Volstagg’s Beard 4/5




Amazing Spider-Man #667

Marvel Comics, $3.99

Dan Slott, Humberto Ramos, Carlos Cuevas, Edgar Delgado, Stephen Wacker

Review by Erik Lewis

I’ve said it before, and I’ll probably say it again.  Since he took over, Dan Slott has taken Spider-Man from a character I felt somewhat forced to like to a character that I can’t wait to read every time his book comes out.  Spider-Island is some of Slott’s best work so far, and that’s saying something.  The basic premise plays with the very nature of Spider-Man and shows us what would happen if someone got all of the power of Spider-Man without the sense of great responsibility he has to use those powers for good.  That’s not to say that that’s the only thing that happens, as supporting cast member and member of the NYPD Carlie Cooper gets powers, and she’s demonstrated in the past that she knows about great responsibility, most notably reporting her own father for criminal activity.  Still, it’s not just the interesting dissection of the Spider-Man character that makes this book(and this storyline) worth the read, it’s also the way the story unfolds.  Specifically how, with all the bad guys dressed up(and powered up) like Spider-Man, how can Peter make his teammates trust that he is who he says he is.  Madame Web adds another level to things, and of course the Jackal and his lackeys of the Six Miles Wide gang and the Tarantula and Spider-King all add up to a lot going down in the book, but that’s ok.  Even the majority of the tie-ins look interesting based on the titles and cover images alone.  I said that Fear Itself was my favorite event of the year, but Spider-Island is a very close second to that.  Sorry DC.

Odin’s Beard 5/5




B.P.R.D.: Hell On Earth: Monsters #2

Dark Horse Comics, $3.50

Mike Mignola, John Arcudi, Tyler Crook, Scott Allie

Review by Erik Lewis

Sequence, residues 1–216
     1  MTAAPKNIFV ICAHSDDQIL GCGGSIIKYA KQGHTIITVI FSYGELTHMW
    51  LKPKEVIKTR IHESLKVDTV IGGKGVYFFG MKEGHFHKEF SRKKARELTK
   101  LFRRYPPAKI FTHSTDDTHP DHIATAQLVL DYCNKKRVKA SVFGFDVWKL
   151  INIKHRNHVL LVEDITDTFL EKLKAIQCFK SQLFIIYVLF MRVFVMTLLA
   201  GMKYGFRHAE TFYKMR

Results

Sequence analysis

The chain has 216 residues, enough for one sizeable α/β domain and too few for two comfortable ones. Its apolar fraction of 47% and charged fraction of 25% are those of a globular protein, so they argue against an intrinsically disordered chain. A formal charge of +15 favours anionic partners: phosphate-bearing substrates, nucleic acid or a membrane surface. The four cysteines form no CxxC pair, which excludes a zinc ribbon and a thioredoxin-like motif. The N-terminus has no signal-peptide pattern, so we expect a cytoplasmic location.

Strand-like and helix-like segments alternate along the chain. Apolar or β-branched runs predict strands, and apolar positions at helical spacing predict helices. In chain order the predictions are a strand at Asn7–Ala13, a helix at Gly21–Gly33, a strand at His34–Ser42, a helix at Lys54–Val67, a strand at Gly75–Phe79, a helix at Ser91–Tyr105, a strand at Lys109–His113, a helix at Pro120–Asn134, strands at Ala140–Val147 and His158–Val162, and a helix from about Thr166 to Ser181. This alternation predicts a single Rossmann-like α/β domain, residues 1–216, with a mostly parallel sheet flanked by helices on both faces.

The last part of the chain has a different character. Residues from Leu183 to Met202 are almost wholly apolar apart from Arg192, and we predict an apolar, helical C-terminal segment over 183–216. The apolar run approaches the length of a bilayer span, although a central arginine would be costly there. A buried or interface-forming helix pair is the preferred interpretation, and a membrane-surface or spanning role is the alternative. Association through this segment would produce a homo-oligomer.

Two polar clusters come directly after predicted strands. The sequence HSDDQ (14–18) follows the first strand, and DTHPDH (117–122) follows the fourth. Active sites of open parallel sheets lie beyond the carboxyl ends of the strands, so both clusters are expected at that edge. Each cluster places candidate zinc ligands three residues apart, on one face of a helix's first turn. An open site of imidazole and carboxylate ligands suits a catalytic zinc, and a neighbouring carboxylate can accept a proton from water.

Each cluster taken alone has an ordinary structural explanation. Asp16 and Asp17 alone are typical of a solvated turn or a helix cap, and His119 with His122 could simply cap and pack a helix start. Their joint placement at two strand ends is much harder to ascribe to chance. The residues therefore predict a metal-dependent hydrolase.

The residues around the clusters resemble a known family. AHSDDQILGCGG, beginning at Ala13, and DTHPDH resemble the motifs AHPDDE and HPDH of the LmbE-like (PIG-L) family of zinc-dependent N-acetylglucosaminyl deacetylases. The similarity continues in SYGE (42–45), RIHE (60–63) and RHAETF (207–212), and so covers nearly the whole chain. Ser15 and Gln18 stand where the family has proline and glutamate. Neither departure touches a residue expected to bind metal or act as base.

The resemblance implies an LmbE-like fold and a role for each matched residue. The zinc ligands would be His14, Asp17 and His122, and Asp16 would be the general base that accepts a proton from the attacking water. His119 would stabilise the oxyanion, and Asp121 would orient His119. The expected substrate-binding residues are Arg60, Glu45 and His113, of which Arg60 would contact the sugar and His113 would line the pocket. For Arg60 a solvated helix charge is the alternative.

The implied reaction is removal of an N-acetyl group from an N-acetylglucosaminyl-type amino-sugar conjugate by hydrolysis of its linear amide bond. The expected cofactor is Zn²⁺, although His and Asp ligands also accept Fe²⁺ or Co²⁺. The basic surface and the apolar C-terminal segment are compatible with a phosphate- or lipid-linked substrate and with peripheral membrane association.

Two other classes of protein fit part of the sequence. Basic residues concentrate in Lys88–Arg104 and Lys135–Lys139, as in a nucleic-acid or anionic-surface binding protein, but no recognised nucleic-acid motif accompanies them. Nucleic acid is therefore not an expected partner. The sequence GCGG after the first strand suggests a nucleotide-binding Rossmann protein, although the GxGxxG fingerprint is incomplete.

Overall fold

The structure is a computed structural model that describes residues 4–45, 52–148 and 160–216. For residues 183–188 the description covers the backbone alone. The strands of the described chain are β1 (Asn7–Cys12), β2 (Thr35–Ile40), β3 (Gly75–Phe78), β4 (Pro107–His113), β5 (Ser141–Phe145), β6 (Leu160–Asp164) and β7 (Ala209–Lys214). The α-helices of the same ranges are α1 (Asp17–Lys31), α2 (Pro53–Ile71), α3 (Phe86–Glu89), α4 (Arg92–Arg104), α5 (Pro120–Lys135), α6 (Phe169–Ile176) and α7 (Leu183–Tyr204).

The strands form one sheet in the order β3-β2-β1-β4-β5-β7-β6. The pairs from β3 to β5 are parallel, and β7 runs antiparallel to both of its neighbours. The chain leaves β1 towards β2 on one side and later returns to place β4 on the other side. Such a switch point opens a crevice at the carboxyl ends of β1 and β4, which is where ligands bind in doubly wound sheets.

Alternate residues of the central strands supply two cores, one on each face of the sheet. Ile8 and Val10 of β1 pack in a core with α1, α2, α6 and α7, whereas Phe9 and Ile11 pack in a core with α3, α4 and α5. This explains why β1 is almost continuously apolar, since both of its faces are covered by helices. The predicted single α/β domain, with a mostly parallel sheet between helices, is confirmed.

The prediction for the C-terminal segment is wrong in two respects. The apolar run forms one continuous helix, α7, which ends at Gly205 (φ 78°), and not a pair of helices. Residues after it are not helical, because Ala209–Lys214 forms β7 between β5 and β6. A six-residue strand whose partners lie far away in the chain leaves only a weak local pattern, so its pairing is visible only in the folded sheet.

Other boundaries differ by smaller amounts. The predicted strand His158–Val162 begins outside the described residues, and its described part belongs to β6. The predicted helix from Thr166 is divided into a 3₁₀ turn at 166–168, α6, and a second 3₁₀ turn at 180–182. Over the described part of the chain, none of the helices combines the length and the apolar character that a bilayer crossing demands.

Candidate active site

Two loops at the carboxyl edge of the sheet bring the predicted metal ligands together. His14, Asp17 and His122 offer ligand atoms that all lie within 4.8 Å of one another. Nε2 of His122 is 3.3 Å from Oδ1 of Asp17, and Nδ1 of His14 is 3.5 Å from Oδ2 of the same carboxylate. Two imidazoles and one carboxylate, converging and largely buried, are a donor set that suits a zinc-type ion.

It’s interesting, in a title that’s supposedly about the B.P.R.D., we’re treated to a story that’s mostly about Liz Sherman.  Not that I mind, really.  Liz has been largely missing from the Bureau’s activities for a number of mini-series now, so it’s nice to get a chance to catch up with the character, even if her location has you a little disappointed in her to begin with.  In the first installment of this two part series, it’s revealed that Liz has been living in a trailer park since she disappeared from a Bureau raid and has been trying to forget about that part of her life for some time.  She’s thrust right back into it by a group of frog-worshiping hillbillies, however.  Things don’t go as smoothly as one might expect for Liz, although they could go worse if she wasn’t a government trained operative.  It seems that the Mignolaverse seems to be converging on a point, at least the stories that take place in the present.  Hellboy has fought and beaten the Dragon in The Fury, and here Liz has discovered that the frogs are back, and we’re even given information about the fate of Abe Sapien, although I kind of feel like I’m missing part of that story, if I’m being honest.  Taken as a whole, the Mignolaverse is getting very interesting, and I feel like Mignola is going to have to give us something very big and very soon, even if it means the end of the franchise and the characters that he’s given us.  I hope it doesn’t come to that, but honestly, I don’t see much of an alternative, really.